5) Using would and used to for a past habit emphasises that this action happened repeatedly, which makes sense as a habit is something that happens repeatedly. However, when using the past simple, this emphasis is lost as you can also use the past simple for something that happens once:

I went to Egypt every summer with my parents.

This is something that happened frequently in the past.

I went to Egypt in the summer of 2019 with my parents.

This action only happened once in the past.

For teachers:

Lower-level students are usually introduced to used to to talk about habits because it is easier to teach and they have not usually seen any other uses for used to (e.g. to be used to/to get used to). The word would is usually reserved for conditional tenses/sentences for the same reason. Because of this, students who are moving into higher level classes associate used to with past habits and would with conditionals. It is often a good idea to start with what they are comfortable with and then bridge the gaps in their knowledge. If the class or lesson you are teaching focuses on grammar, a good first activity is having students create past habits with used to. What did they used to do as a child?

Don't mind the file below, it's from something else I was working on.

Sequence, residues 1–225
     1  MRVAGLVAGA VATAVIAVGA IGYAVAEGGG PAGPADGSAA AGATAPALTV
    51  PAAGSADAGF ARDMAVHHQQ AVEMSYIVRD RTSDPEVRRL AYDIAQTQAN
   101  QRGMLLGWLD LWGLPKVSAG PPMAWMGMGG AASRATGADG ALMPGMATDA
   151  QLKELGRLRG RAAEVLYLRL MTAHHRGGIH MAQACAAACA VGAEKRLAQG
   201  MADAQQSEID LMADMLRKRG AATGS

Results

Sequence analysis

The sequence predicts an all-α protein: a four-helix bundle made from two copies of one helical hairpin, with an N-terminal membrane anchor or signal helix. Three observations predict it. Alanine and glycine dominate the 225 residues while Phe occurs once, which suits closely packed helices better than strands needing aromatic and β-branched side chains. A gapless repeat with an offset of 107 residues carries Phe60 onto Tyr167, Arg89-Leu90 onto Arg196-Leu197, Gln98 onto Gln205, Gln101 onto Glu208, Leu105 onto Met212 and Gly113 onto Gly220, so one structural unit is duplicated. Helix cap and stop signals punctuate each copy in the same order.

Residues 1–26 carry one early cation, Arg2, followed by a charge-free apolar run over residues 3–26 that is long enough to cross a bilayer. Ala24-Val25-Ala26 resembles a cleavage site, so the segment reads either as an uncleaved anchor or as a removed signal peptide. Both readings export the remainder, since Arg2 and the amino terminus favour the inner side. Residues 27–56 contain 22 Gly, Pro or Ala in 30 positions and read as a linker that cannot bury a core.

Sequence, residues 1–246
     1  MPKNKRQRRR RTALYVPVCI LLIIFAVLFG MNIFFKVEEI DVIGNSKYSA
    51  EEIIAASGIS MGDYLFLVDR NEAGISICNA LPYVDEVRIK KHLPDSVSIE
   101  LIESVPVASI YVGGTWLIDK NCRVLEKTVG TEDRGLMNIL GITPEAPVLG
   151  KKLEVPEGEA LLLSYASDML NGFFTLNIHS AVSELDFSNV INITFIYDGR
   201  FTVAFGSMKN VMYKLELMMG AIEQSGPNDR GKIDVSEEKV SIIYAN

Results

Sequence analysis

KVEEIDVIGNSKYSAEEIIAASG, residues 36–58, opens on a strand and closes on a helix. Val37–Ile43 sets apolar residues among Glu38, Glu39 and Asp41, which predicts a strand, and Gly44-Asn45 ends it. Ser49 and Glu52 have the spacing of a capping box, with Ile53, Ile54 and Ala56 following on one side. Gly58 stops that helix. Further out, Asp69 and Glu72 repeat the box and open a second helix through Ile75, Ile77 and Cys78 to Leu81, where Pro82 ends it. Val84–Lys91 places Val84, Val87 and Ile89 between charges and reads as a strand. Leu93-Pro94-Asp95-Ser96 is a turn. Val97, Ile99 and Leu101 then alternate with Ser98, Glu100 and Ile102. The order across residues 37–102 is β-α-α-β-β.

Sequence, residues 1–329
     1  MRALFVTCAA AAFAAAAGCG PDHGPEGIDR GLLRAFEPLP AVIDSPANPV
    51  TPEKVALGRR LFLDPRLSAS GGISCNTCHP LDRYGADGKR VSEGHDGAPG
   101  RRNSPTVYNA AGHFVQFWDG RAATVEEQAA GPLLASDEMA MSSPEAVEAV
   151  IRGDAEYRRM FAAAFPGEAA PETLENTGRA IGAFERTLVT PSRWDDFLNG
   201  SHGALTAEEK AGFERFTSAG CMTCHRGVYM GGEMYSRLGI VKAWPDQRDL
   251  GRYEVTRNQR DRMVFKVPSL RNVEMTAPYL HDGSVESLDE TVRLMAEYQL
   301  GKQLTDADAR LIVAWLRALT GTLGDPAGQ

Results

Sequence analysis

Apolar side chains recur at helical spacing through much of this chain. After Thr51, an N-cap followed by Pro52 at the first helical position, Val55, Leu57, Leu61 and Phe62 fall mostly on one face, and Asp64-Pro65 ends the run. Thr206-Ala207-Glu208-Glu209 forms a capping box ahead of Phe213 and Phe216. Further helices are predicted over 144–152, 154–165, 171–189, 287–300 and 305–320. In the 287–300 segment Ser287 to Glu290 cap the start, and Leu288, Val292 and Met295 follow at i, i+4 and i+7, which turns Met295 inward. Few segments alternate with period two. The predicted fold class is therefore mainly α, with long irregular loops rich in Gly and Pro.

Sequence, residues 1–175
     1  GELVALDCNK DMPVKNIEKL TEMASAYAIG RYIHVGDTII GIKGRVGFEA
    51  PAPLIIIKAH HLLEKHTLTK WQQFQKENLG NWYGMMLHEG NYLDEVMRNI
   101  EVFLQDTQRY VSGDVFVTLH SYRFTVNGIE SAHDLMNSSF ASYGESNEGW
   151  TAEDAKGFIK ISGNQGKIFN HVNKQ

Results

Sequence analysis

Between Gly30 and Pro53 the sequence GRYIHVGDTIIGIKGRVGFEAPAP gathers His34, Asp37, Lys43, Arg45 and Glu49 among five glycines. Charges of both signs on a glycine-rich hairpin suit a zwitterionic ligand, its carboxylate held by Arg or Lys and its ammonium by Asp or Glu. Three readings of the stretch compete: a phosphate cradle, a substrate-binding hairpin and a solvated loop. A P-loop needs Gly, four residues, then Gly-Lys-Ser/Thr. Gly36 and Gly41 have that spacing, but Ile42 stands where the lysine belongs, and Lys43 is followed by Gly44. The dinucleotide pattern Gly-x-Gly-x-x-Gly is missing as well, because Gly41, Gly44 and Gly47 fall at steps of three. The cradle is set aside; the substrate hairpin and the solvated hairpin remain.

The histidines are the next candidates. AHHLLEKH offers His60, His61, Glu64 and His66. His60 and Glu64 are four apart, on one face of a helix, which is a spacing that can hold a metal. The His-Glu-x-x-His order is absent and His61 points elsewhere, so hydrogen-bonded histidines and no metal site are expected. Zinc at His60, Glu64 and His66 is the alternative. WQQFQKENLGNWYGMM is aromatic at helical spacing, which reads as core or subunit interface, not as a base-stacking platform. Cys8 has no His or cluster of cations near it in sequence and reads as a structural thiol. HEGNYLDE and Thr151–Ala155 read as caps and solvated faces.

Here are some examples:

  • Humans used to go to the moon.
  • I used to ride my bike up a hill until I moved.
  • My father used to lift me up on his shoulders when I was a child.
  • What did you used to eat as a child?
  • Did you used to be friends?

Once they have created their sentences, have them work together to change these to would sentences. For the above sentences, would simply replaces used to.

From there, you can then have the students change them to past simple sentences. For the above examples, the results would be (time phrases added in brackets):

  • Humans went to the moon (in the 60s and 70s).
  • I rode my bike up a hill (every day) until I moved.
  • My father lifted me up on his shoulders when I was a child.